His pupil, Chares of Lindos (constructed the Colossus of Rhodes, one of the seven ancient wonders of the world)
"Basket Bearer", also known as Canephorae
honorific office given to unmarried young women in ancient Greece (privilege of leading the procession to sacrifice at festivals)
the highest honour was to lead the pompe at the Panathenaic Festival
role was given to a virgin selected from amongst the aristocratic or Eupatrid families of Athens whose purity and youth was thought essential to ensure a successful sacrifice
Her task was to carry a basket (kanoun), which contained the offering of barley or first fruits, the sacrificial knife and fillets to decorate the bull in procession through the city up to the altar on the acropolis
sculpted female figure serving as an architectural support taking the place of a column or a pillar supporting an entablature on her head
Classical examples include the treasuries of Delphi and the Erectheion
Caryatid from the Erechtheion’s Porch of the Maidens
(Latin Pantheon, from Greek Πάνθεον Pantheon, meaning "Temple of all the gods")
originally built as a temple to the seven major gods of
largely credited to Trajan's architect Apollodorus of Damascus
rumored that the emperor Hadrian had a hand in the design
Christian church since 7th century
After the Battle of Actium (31 BC), Agrippa built and dedicated the original Pantheon during his third consulship (27 BC)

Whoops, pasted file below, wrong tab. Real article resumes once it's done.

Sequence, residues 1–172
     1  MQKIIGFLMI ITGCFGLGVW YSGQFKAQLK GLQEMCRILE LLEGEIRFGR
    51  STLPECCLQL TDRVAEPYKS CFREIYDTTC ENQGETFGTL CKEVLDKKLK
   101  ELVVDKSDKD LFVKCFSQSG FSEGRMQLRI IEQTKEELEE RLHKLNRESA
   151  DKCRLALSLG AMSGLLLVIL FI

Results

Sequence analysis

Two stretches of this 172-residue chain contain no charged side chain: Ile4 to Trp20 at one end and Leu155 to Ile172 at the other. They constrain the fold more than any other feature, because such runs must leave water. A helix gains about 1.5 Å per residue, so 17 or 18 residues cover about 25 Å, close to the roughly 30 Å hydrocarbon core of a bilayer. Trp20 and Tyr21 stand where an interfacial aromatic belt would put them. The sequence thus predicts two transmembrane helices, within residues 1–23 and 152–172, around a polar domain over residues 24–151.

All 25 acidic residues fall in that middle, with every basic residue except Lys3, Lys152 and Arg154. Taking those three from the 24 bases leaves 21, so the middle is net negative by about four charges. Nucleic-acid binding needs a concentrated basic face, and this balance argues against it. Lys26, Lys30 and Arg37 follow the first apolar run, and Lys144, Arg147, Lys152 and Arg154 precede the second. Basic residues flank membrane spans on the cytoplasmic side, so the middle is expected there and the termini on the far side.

Agrippa's Pantheon was destroyed along with other buildings in a huge fire in 80 AD
current building dates from about 125 AD, during the reign of the Emperor Hadrian, as date-stamps on the bricks reveal
reconstructed with the text of the original inscription ("M·AGRIPPA·L·F·COS·TERTIVM·FECIT" meaning, "Marcus Agrippa, son of Lucius, three times consul made it")
“Agrippa finished the construction of the building called the Pantheon. It has this name, perhaps because it received among the images which decorated it the statues of many gods, including Mars and Venus; but my own opinion of the name is that, because of its vaulted roof, it resembles the heavens.” (Cassius Dio History of Rome 53.27.2)
later repaired by Septimius Severus and Caracalla in 202 AD, for which there is another, smaller inscription. This inscription reads "pantheum vetustate corruptum cum omni cultu restituerunt" ('with every refinement they restored the Pantheon worn by age').